D.C. Court of Appeals Rules Against Releasing Gitmo Uighurs into the U.S.

The opinion was just released. I’m reading through it now (PDF) and will update in a moment.

Okay: A summary of what’s going on, cribbed in part from my earlier post on this case:

The military decided in 2003 that ten Guantanamo Bay detainees are not enemy combatants in the War on Terror, but held them for five years nevertheless. Five more were cleared in 2005, but held nevertheless. Another was cleared in 2006, but held. And another this year. The military won’t repatriate the detainees because it believes there is a very good chance they will be tortured if they are returned to their country of origin. Now a U.S. district court has ordered the military to release all seventeen into the United States.

That decision of the district court was appealed and today’s ruling overturns it because the district court has no authority to grant admission to the United States. Here is the key part:

[I]t “is not within the province of any court, unless expressly authorized by law, to review the determination of the political branch of the Government to exclude a given alien.” Knauff, 338 U.S. at 543. With respect to these seventeen petitioners, the Executive Branch has determined not to allowthem to enter the United States. The critical question is: what law “expressly authorized” the district court to set aside the decision of the Executive Branch and to order these aliens brought to the United States and released in Washington, D.C.?

The answer is that no law makes such an express authorization. The district court pointed to Boumediene v. Bush, but that case only gives federal courts habeas jurisdiction of Guantanamo Bay detainees. It does not purport to allow the courts to fashion novel remedies for unlawful detention. The point is that the military must release them, but nothing gives the district courts authority to order that release be in the United States.

At first blush, there are a couple interesting things going on here.

First, there is no quibbling over the definition of “enemy combatant” because it’s not really relevant to the holding. The other War on Terror cases have been self-destructing because the definition of enemy combatant was changed so often. Here, it doesn’t matter because the executive simply admits that they have no authority under the AUMF or any other statute to hold these guys prisoner. The only question here is whether the district court could order them admitted into the United States.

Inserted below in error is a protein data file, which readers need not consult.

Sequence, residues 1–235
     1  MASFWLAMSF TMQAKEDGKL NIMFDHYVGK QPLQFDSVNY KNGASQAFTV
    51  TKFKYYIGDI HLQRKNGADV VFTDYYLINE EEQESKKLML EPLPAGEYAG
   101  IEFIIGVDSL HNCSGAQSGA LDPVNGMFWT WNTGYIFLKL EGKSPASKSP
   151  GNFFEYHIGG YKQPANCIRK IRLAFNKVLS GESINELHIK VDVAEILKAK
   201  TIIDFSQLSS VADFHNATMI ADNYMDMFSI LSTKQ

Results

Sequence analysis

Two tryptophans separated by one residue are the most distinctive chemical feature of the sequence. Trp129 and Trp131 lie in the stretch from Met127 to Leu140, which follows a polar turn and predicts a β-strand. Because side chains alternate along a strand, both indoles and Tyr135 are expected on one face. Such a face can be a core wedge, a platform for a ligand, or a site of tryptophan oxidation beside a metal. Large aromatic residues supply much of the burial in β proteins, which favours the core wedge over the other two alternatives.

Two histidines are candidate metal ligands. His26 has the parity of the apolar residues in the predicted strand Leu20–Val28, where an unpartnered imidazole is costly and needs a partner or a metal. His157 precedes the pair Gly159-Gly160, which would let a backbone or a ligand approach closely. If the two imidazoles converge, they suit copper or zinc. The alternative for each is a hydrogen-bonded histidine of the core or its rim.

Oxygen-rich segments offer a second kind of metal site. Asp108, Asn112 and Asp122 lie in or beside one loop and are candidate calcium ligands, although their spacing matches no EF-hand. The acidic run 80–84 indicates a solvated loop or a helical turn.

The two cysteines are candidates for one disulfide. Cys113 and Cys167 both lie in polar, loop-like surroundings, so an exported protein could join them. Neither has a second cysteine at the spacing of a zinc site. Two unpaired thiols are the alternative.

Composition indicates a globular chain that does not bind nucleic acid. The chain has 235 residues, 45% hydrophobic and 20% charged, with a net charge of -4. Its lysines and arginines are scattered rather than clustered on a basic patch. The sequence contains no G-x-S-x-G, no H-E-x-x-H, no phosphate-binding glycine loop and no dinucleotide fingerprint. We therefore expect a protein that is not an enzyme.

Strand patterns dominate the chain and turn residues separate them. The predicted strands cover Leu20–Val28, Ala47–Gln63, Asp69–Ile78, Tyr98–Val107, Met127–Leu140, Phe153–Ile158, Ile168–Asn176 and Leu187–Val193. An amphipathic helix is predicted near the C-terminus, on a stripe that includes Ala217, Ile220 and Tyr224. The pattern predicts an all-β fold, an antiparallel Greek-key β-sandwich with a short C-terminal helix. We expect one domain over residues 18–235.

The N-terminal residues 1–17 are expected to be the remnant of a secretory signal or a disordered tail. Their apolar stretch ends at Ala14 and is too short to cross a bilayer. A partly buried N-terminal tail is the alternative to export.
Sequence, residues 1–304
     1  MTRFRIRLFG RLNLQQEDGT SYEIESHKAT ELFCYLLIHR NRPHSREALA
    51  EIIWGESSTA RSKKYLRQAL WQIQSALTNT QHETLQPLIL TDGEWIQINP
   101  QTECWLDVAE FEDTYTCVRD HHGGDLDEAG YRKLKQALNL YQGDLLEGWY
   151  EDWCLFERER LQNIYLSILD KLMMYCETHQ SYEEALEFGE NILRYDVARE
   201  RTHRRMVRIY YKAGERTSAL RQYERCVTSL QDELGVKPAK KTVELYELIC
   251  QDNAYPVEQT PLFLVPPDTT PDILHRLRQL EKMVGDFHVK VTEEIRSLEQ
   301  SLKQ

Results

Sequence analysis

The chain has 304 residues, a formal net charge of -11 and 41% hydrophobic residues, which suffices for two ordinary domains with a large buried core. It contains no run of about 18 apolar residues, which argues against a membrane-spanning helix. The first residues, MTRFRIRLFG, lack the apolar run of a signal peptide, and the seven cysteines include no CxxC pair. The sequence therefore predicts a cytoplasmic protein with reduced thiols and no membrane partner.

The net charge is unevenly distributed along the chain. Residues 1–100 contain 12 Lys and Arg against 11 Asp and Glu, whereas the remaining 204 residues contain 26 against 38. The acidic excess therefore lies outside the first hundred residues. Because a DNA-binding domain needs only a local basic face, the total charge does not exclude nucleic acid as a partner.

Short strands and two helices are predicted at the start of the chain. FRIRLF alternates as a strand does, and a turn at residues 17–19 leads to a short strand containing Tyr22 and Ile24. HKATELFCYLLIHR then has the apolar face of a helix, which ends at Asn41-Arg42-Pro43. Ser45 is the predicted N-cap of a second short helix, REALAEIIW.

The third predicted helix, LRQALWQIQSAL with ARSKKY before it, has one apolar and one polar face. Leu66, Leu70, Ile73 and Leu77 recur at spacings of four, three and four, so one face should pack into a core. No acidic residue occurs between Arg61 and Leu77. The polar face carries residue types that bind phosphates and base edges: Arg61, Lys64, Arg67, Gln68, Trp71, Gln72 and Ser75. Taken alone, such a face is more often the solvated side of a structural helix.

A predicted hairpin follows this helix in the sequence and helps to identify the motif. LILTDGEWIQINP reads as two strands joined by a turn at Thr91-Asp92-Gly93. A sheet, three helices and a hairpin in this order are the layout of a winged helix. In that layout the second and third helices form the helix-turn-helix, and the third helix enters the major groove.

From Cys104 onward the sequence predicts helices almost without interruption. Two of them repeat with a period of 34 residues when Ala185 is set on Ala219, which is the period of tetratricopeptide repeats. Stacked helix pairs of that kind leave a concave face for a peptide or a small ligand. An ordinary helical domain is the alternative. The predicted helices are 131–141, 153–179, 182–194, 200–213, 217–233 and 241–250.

Second, the majority judges issue a strong rejoinder to the concurring judge, Judith Rogers. Generally, majority opinions will address the concerns and arguments of the concurring and dissenting judges. In this case, it’s not just a polite discussion of Judge Rogers’ objection. This is a point-by-point judicial bitchslap. Examples:

No matter how often or in what form Judge Rogers repeats this undisputed proposition – and repeat it she does – it will not move us any closer to resolving this case. The question here is not whether petitioners should be released, but where.

My emphasis. Someone was a little punchy about this. Also, on framing the issue, Rogers appears to dispute the use of the “expressly authorized” standard. The majority replies:

Judge Rogers fails to mention that the “expressly authorized” quotation in our opinion is taken from a Supreme Court opinion in a habeas case. We repeat with some additional emphasis: it “is not within the province of any court, unless expressly authorized by law, to review the determination of the political branch of the Government to exclude a given alien.” Knauff, 338 U.S. at 543.

That bold is in the original. Jesus. Didn’t Nostradamus say something about when judges are bolding text at each other? I’m taking cover over here.

Third, I’m fairly certain this is the first War on Terror case to have Obama’s name on it, as the citation for this case is now Kiyemba v. Obama.

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~ by Gabriel Malor on February 18, 2009.

 
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